Jason said each individual contributes to the environment.
“Every athlete has their weaknesses and strengths, so when we train, there is always competition,” he said.
To foster the competitive environment in preparation for regionals, the athletes go head-to-head in regional-style workouts every Saturday.
Since their success in the Open, the three competitors have been focused on performing well at regionals. During Open preparation, training went on as usual.
“Our training continued as normal (during the Open),” Richard said. “The Open workouts were just bonus workouts for us during the week.”
Richard and Jason typically plan their workouts daily and often incorporate movements historically likely to appear in the regional events, such as pistols and handstand push-ups, which will help them out this year, as both have appeared in the regional events.
In addition, Richard has been working on strength and Olympic lifting.
“Having been injured for most of last year, I feel like I have fallen behind in those areas,” he said. “I am a bit smaller than some of the athletes, which helps me pick up my conditioning reasonably quickly.”
Jason likes to add a regional event, Games event or benchmark workout to his training at least once a day.
“This helps me push myself and allows me to see where I am against the top in the world,” he said.
Underpinning all Jason’s training is a focus on efficiency of movement.
“Efficiency is essential to CrossFit, and that has been my goal for all movements: to be more efficient,” he said.
Former regional competitor, Neil Scholtz from Ballistix CrossFit, believes Jason has what it takes to be the fittest man in Africa.
“I believe that Jason is in the right position to challenge Dave (Levey) for the title this year,” Scholtz said. “If he is able to remain injury free and stay consistent throughout the weekend, he has a great shot at it.”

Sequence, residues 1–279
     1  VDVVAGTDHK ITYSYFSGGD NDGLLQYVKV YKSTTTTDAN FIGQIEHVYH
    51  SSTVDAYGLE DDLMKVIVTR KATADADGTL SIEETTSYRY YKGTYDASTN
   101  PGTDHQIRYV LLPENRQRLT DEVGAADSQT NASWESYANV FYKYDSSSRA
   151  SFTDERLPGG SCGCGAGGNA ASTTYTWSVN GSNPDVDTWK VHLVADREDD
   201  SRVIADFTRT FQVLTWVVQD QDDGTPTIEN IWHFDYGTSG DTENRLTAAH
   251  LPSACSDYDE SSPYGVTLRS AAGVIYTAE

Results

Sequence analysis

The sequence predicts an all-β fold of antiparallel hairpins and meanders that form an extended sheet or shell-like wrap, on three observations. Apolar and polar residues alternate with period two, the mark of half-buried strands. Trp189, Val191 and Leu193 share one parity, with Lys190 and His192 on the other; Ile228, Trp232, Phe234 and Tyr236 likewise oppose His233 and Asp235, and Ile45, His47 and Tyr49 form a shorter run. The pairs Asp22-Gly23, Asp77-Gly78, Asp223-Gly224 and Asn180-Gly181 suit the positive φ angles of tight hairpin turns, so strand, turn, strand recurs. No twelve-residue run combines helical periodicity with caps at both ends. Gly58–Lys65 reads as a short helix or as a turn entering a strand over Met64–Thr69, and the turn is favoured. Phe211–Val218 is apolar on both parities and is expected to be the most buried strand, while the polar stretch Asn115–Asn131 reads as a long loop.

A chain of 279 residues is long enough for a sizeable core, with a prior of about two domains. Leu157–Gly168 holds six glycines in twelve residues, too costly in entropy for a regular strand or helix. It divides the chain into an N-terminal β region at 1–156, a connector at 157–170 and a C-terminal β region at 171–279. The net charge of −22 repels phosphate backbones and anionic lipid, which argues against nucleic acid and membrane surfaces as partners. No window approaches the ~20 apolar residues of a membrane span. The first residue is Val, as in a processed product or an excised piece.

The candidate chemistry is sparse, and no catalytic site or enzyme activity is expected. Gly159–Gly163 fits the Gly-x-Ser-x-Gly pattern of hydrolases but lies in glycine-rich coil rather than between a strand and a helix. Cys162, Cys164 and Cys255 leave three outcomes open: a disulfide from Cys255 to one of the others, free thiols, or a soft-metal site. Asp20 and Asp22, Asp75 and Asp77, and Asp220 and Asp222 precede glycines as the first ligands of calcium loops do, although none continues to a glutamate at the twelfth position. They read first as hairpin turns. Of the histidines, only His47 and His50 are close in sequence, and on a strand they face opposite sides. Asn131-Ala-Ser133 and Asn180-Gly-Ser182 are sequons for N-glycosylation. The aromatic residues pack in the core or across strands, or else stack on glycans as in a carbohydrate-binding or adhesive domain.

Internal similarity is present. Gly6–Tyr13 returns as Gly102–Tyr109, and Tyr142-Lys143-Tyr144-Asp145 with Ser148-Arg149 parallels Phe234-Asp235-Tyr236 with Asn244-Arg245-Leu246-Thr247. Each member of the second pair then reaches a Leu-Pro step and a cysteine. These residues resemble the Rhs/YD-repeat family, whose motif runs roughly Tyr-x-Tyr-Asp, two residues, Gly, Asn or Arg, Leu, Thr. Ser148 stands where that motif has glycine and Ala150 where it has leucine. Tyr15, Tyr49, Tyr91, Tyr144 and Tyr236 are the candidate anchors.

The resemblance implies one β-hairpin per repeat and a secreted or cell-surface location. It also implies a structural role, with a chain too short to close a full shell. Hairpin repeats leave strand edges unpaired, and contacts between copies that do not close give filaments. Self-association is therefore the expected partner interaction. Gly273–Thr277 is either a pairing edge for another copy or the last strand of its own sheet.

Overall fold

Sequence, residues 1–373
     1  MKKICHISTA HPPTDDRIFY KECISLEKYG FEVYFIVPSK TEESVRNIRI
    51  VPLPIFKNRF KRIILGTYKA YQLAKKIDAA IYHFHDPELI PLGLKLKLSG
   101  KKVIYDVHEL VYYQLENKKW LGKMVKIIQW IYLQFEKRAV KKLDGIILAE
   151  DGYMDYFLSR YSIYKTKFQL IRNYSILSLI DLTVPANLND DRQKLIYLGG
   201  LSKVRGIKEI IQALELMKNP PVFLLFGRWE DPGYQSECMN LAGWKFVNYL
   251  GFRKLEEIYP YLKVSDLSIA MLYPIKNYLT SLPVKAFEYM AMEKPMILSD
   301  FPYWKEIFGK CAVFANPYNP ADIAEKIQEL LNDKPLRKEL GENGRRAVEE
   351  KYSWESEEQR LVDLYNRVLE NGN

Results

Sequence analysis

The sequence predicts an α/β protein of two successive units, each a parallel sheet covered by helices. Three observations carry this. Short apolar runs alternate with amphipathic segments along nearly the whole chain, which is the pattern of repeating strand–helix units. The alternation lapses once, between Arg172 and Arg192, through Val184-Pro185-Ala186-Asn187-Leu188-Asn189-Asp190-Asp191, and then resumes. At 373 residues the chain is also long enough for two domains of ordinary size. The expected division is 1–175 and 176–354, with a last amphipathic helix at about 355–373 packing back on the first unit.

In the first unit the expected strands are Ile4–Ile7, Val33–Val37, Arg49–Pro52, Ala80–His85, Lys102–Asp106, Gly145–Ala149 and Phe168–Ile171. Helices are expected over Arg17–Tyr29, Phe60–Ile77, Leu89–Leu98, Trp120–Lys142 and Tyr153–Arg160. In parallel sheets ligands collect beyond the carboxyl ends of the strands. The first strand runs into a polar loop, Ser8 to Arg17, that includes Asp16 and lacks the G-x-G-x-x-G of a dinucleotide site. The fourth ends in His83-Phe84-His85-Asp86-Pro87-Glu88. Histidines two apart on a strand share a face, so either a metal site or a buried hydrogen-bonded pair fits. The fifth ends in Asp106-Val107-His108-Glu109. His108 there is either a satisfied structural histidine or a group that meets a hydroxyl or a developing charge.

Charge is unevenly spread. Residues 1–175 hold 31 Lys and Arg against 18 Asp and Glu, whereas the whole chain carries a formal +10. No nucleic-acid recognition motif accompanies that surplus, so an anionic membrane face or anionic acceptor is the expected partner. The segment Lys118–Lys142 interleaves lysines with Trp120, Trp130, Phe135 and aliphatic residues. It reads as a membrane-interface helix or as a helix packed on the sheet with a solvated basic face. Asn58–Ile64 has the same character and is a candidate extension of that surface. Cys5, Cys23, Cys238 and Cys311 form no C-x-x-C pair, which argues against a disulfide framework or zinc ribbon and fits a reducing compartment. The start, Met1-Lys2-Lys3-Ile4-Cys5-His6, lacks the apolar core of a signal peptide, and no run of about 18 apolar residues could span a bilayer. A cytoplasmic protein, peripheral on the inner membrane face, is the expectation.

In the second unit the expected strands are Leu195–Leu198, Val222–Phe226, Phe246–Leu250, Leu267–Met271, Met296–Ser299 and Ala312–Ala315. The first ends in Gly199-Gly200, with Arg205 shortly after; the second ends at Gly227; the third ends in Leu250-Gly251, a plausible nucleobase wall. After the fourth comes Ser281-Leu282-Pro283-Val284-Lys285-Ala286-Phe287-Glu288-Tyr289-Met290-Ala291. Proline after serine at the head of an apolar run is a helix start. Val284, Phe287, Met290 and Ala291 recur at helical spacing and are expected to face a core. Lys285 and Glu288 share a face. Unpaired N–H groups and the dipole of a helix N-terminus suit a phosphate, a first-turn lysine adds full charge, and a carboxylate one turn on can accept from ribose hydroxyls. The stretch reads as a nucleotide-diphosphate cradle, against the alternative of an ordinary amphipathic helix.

Initially, Werth followed Kyalami’s regular programming, but he now follows the MisFit Athletics program, which is competition specific.
“I like the variable style and it’s the only one of its kind,” Werth said.
He supplements this with a specified strength program, and works a lot on weaknesses, including overhead squats and snatches.
Werth is confident in his abilities heading into regionals.
“I am blessed with my strength when it comes to the heavier workouts,” he said.
Although he follows a different program, Werth trains alongside the Smith brothers.
“On a daily basis, Richard and Jason will give me advice, tell me where they think I’m going wrong or where I need to improve,” he said.
For Richard, the ongoing competition develops mental fortitude.
“Most athletes have the same physical capabilities in the finals, so it comes down to mental strength and who wants it more,” he said.
Their weightlifting coach, Andrew Anthony of CrossFit 5E, believes this competitive drive forms a unique mix of mental attributes that contributes to their success.
“A strong competitive spirit, a positive attitude and strong mental focus—they all have it and that’s what really makes the difference,” Anthony said.